Cleveland Indians’ owner Paul Dolan sparked controversy when he recently announced that his baseball team will officially drop its moniker—the Indians—and adopt a new name beginning next season. This was purportedly done to “unify our community,” but it doesn’t appear that Dolan’s decision is unifying Major League Baseball fans.

Rather, it seems to be creating a schism, divided by those praising Dolan for his progressive steps to correct past wrongs and those who rebuke him for turning his back on a beloved tradition. Meanwhile, others just don’t like the new team name that he chose—the Guardians—which is admittedly pretty lame.

The Guardians is a reference to Cleveland’s so-called guardians of traffic, which are a set of Art Deco statues standing over the Hope Memorial Bridge. Like the name or not, since the team is a privately-owned entity, this name change is—and should be—up to the Cleveland organization. But in making the transformation, Cleveland mustn’t forget the Native American—Louis Sockalexis—reputed by some to be behind their current name.

Sockalexis was part of the Penobscot tribe, and in the late 1800s, he was a promising baseball player with arm strength of mythical proportion. From 1897-1899, he played for the Cleveland baseball team—known as the Spiders—making him the first confirmed Native American to play professional baseball, according to many sources. In his rookie year, he hit .338 (by comparison, the Atlanta Braves’ Freddie Freeman boasted a .341 batting average in his MVP season), but Sockalexis wrestled with demons—internal and external.

Not all of his baseball peers or fans fully accepted him. During play, he was often mocked and taunted for his racial heritage. Idiotic and offensive references to firewater and scalping victims abounded, and people even tried to imitate Native American war whoops to rattle Sockalexis. It was shameful treatment.

His career, however, was brief. He struggled mightily with alcoholism and was hampered by a foot injury—either hurting it while running the diamond or from leaping from a brothel window; the sources differ. Eventually, he lost his starting position and was released after the 1899 season, and no other Major League team would sign him. It was a sad end to a promising career, but despite the Cleveland Spiders going defunct, his memory did not quickly fade.

Another franchise relocated to Cleveland, and from 1903-1914, the team members were called the Naps—after second-baseman Napoleon Lajoie. Yet after he retired, the franchise searched for a new name and settled on the Indians—according to many as homage to Louis Sockalexis who died late in 1913. While the current Cleveland baseball organization has long asserted that this is the truth, others have disagreed. They contend that the name the Indians was chosen in response to the Boston team’s new name—the Braves, now stationed in Atlanta.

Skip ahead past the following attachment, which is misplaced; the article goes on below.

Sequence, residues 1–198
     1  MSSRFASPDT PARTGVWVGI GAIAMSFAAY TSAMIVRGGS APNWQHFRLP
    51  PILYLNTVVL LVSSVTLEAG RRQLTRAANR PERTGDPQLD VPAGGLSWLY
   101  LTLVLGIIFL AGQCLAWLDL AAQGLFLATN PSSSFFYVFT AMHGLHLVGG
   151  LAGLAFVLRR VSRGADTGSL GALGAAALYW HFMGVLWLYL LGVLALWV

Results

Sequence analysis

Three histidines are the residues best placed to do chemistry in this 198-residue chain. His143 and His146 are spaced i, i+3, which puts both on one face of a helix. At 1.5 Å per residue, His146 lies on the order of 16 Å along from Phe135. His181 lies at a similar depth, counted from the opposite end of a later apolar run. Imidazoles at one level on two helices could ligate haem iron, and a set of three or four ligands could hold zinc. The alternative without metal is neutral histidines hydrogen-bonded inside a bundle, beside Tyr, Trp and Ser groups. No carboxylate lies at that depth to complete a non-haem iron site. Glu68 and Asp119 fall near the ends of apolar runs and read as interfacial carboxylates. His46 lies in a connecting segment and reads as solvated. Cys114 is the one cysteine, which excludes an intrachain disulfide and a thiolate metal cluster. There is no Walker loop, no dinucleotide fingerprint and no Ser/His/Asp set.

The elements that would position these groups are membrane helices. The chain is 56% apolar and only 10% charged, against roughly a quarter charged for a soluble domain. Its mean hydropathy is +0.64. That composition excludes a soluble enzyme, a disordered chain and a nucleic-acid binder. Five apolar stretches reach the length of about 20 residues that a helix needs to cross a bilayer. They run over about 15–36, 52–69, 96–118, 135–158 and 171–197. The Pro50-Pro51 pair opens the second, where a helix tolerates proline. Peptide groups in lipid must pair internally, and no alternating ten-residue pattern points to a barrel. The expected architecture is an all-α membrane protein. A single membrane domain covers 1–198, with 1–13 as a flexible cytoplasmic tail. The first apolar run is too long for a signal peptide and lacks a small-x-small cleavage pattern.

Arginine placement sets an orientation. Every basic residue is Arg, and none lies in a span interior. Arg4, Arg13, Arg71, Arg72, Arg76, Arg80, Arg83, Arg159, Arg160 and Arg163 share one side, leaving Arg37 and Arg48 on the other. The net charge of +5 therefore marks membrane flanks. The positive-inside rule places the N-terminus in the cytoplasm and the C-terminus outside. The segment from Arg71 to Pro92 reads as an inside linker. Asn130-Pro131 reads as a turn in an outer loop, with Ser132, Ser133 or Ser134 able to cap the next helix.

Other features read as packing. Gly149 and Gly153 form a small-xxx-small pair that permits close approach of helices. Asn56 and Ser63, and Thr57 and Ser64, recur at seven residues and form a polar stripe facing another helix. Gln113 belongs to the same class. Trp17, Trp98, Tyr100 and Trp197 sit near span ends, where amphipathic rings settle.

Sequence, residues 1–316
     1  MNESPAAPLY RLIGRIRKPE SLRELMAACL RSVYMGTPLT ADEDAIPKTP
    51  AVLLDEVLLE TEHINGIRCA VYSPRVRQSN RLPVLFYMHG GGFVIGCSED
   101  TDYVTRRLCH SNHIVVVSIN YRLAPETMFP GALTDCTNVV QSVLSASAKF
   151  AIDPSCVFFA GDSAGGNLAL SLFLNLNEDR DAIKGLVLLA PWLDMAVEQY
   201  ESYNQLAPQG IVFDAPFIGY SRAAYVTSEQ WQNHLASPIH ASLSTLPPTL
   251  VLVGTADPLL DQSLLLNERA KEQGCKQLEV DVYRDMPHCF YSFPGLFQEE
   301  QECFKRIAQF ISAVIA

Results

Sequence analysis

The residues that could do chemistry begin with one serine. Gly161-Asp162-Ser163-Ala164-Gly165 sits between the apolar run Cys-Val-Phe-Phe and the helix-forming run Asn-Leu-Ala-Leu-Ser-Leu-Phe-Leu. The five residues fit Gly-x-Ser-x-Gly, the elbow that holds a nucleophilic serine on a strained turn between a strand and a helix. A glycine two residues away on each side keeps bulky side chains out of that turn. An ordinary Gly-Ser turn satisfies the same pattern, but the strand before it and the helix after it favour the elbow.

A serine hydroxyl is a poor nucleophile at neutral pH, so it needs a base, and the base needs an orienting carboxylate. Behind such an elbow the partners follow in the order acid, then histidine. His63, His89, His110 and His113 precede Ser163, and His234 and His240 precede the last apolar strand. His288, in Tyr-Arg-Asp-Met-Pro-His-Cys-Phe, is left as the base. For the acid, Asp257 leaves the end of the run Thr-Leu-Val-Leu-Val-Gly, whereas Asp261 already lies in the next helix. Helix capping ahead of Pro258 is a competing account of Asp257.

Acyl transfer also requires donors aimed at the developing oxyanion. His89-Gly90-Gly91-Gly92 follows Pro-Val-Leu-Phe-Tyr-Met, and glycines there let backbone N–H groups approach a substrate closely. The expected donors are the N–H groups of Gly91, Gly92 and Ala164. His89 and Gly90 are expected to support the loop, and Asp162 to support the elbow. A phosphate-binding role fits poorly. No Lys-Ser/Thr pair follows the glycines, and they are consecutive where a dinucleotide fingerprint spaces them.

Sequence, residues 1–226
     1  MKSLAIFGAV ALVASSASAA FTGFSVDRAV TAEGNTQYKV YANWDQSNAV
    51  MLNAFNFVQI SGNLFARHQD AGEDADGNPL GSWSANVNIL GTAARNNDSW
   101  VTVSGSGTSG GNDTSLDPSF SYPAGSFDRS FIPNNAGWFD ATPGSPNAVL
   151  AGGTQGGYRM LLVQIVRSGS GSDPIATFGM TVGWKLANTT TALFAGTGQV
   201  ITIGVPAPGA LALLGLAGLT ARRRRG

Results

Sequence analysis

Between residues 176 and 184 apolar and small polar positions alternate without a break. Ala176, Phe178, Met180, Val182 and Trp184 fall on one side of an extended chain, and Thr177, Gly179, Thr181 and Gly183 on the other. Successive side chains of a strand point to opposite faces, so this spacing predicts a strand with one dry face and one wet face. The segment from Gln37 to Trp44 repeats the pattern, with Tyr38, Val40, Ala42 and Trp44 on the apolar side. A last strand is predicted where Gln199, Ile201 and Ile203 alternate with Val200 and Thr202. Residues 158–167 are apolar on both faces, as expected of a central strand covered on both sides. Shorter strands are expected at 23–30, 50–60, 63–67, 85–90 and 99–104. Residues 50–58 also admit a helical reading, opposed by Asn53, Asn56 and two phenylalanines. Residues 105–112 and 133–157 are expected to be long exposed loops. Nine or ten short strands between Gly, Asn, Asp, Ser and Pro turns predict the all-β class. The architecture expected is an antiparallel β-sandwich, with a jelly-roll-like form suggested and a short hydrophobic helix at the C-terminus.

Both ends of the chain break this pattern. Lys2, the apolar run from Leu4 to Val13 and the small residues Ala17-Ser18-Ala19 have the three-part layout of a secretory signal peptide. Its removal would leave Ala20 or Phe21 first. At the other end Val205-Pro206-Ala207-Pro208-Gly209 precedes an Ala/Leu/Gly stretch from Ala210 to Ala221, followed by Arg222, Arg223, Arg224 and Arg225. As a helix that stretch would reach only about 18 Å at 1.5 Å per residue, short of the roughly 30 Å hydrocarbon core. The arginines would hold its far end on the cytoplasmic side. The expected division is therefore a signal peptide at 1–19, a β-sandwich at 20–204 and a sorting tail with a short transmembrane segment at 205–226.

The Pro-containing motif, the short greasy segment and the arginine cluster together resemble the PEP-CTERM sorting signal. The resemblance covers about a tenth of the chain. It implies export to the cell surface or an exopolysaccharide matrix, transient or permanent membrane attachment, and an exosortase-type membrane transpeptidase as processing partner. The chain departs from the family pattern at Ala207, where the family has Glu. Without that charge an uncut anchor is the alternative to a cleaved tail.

Yet in January of 1915, the Cleveland Plain Dealer wrote, “Many years ago there was an Indian named Sockalexis who was the star player of the Cleveland baseball club. As batter, fielder and base runner he was a marvel. Sockalexis so far outshone his teammates that he naturally came to be regarded as the whole team. The ‘fans’ throughout the country began to call the Clevelanders the ‘Indians.’ It was an honorable name and while it stuck the team made an excellent record […] The Clevelands of 1915 will be the ‘Indians.’ […] the name will recall fine traditions.” Thus, whether or not Sockalexis was the direct inspiration of the name change, fans and writers quickly identified a strong connection between Sockalexis and the “Indians.”

Fast forward more than 100 years and the Indians are transforming into the Guardians, which appears to be the final step in an evolution within Cleveland. In fact, over the past several years, aspects around the team name and even its logo have drawn ire from the public.

For 70 years or so, the team’s logo featured “Chief Wahoo,” which was a cartoon depiction of a happy-go-lucky looking Native American. However, it was based upon racially insensitive stereotypes, and it doesn’t depict any Native American that I’ve ever known. The logo was gradually cast aside, until it was officially retired in 2019—previewing the fate of the Indians’ name.

It is impossible to determine how Sockalexis would feel about these developments, and it is difficult to assess how closely he was linked to the Cleveland Indians’ name. Regardless of the truth, Sockalexis is worth honoring for being the trailblazing Native American with a rocket for an arm. As the Cleveland baseball organization sunsets their timeworn name, I hope they find ways of remembering Louis Sockalexis.

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